Based on a best-selling Gothic novel, THE THIRTEENTH TALE contains all the virtues characteristic of contemporary BBC drama; lavish locations with plenty of exterior shots, ornately decorated interior shots, 'mood' lighting designed to create a spooky atmosphere, and a cast of well- known actors given full opportunity to show off their creative talents. In this particular piece, aging novelist Viola Winter (Vanessa Redgrave) enlists the services of little-known writer Margaret Lea (Olivia Colman) to recount her autobiography, including her Viola's mysterious childhood when her family home (Anglefield House) burned to the ground. However Viola is herself a writer of fiction, so we never quite know whether what she recounts is 'the truth' or not (if the truth exists, of course). Christopher Hampton's screenplay allows for plenty of exchanges between the protagonists, as well as creating a 'hall-of- mirrors' like effect in which nothing is what it seems to be. However the narrative of THE THIRTEENTH TALE does tend to sag; like many BBC dramas, the director James Kent seems too much concerned to create atmosphere through music and location shooting (both interior and exterior), both of which tend to impede the progress of the plot. The denouement, when it comes, is both predictable and un-scary. One is left with the feeling that the story could have been far more effectively recounted in a sixty-minute slot.
This moody and mysterious drama based upon a novel by Diane Setterfield (who looks very like Olivia Colman), brilliantly adapted by Christopher Hampton, was shown on December 30, 2013, and was a real success. The direction, acting, cinematography, art direction, and every aspect of the production were splendid. As always happens when Vanessa Redgrave is involved in something, we are all mesmerised by her every look, especially those when she stares into the void and remembers things. In this film, she spends her entire time lying down because she is dying of pancreatic cancer. Despite that, she dominates the action and it is impossible not to fall under her spell. And when did anybody not fall under her spell? The intensity, the dreaminess, the abstract gazes into the beyond (as if she could see something which we cannot see, which is of course always really the case) are all there. And the person who has to counterbalance all this is Olivia Colman, also superb as usual, this time as an introverted and somewhat sulky woman with her own unresolved issues. Redgrave plays a famous popular novelist, and author of a best-selling book called THIRTEEN TALES, which notoriously only contained 12 tales. So everybody has always wanted to know what was the 13th tale which she suppressed and never told. As death approaches, she feels compelled to tell that tale at last, which is the true story of her early life. Redgrave lives in a huge ornate country house full of rare books and beautiful objects. She summons Olivia Colman, a younger and little-known writer, to stay with her and for a very handsome fee to become her biographer. Colman is doubtful and on the verge of being hostile and resentful. She always dresses like someone going camping in the woods and clearly carries the burden of some deep wound. Will she too reveal her own 13th tale? Thus the two women progress with their mutual revelations, all of which are desperately disturbing and infinitely sad. Not for a moment are we bored, as the story unfolds in such a dramatic manner, with many flashbacks. The director James Kent has done a magnificent job of making all of this work. Colman asks Redgrave, suspiciously, why she chose her to write her biography, and Redgrave mysteriously says it is not because of Colman's biography of the Brontes, which she 'would not dream of reading', but because of an article she once wrote about twins. This unsettles Colman, who drops the subject. Colman tells Redgrave that she, Redgrave, has always lied about herself and has told numerous versions of her life, all of which appear to be untrue. Having written under the name of Vilda Winter, a pseudonym, no one has ever known her real name, so Colman demands to be told it. Redgrave says her real name is Adeline March and that she grew up in a large country house 'about five miles from here" on the Yorkshire moors, called Angelfield. She said it burnt down when she was 17. It is what happened between her birth and the age of 17 that is then shockingly revealed, layer upon layer upon layer. It is all so very gripping and strange that we are on the edges of our seats as we watch the tale unfold in all its Gothic complexity. It involves incest, madness, impersonation, and murder. Even in 'telling the truth', Redgrave is not really doing so, because a further layer of the real truth emerges towards the end of the film. But the first version of the truth is that Redgrave was a twin, with an identical twin sister named Emmeline, who died long ago. In the flashbacks, we see the red-haired twins as children, both apparently played by the same child actress, Madeleine Power, who is extremely talented and acts very passionately. They loll around the huge house entirely unsupervised and uneducated, their parents being the brother and sister who live incestuously in the house but rarely come out of their bedroom except to look increasingly demented and exhausted from constant sex (well played by Emily Beecham and Michael Jibson). A mysterious murder takes place in the house, which is blamed on the mother, who is then taken away permanently to an insane asylum. The true murderer is revealed later. Then we move forward in time and the twins are 17. These both appear to be played by the actress Sophie Turner, though the IMDb cast list says she only plays Adeline. I confess myself at a loss to figure out the casting here. Whether Power plays one, two, or three girls (yes, we eventually learn that there are three rather than two), I cannot say, but whatever is the answer, she is extremely good at it and has the correct eerie but beautiful look, especially when she, like Redgrave, gazes into space. Then we discover that Emmeline is really still alive but is also dying, and Colman sees her digging frantically in the earth with her bare hands saying: 'Dead go underground.' Her face is heavily scarred from the fire at the old house. Meanwhile Colman explores the ruined house nearby, half destroyed by the old fire (an amazing true location, wonder where it was), and meets a strange man who sleeps in the ruin sometimes. Later she discovers who he is and why he is there. Things get 'mysteriouser and mysteriouser' as the saying goes. As the real truth comes out about the twins, Colman becomes emotional and bursts into tears and tells her own story, how she feels guilty for having indirectly caused the accidental death of her own twin. Redgrave drolly tells her: 'Feeling guilty doesn't do anybody any good,' but holds her as she sobs. I don't wish to ruin things by telling more of the bizarre tale, but it is surprising, hair-raising and highly melodramatic. This is a really gripping and excellent film.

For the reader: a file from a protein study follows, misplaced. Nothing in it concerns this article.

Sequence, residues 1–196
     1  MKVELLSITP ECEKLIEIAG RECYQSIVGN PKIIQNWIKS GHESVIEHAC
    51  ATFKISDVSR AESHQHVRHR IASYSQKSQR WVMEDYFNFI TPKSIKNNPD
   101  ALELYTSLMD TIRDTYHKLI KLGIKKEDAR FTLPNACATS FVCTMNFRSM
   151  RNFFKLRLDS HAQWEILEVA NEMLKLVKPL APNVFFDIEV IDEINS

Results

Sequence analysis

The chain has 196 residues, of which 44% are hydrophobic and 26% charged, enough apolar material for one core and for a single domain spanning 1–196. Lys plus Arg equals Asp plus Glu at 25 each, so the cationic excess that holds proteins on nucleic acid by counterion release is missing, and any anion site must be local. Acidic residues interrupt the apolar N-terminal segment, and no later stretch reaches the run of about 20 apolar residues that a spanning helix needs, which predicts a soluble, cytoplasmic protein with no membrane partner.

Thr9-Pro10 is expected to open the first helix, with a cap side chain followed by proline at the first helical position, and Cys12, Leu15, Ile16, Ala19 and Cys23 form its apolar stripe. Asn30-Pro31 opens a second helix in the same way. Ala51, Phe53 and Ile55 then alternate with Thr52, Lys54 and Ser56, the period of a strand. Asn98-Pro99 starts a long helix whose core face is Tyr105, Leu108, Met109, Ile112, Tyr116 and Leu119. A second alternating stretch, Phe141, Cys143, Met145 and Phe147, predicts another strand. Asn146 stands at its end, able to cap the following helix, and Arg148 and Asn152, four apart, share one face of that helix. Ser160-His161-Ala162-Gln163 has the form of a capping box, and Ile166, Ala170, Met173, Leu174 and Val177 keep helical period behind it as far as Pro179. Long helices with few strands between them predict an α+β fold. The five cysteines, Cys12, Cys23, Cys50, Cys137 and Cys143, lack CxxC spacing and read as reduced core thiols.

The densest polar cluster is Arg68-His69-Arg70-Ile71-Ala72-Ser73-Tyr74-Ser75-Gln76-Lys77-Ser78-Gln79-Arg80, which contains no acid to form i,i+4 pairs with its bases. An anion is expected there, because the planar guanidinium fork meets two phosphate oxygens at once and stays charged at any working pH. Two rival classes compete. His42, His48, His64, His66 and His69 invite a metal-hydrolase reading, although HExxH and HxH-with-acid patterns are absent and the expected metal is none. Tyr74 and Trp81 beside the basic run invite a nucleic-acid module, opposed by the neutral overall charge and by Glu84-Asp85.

...not generally a fan of 'ghostly' stories but was curious to see the fine cast of The 13th Tale. It was gripping from the beginning, superb acting, stunningly pretty and horrid little girls, sensational sets and music which really helped keep the concentration - a marvellous production and of course original story. Having been drawn in, I was soon to be flabbergasted when I realised some of it was shot at Duncombe Park where I was at prep. school in the 60's - a first shot of the entrance gates, the drive and steps to the front door I knew at once! - a much loved place by most of us who were lucky enough then to have assembly and put on the Nativity Play in the main Saloon,walk through the doors onto the terrace, build dens around the Yew Walk and around the Temples, play on the same swing and around Father Time, admire the mahogany staircase only for the staff to use, peer down into the Main Hall with its chequerboard floor waiting for parents to arrive, have story time each evening with the Head whilst sitting round her on the floor of her Study, the Library... I was transfixed and quite horrified to see the house as burnt out shell!! How did you do that? overall a magnificent and moving production, just a perfect setting for the story... thank you to Heyman Productions and the BBC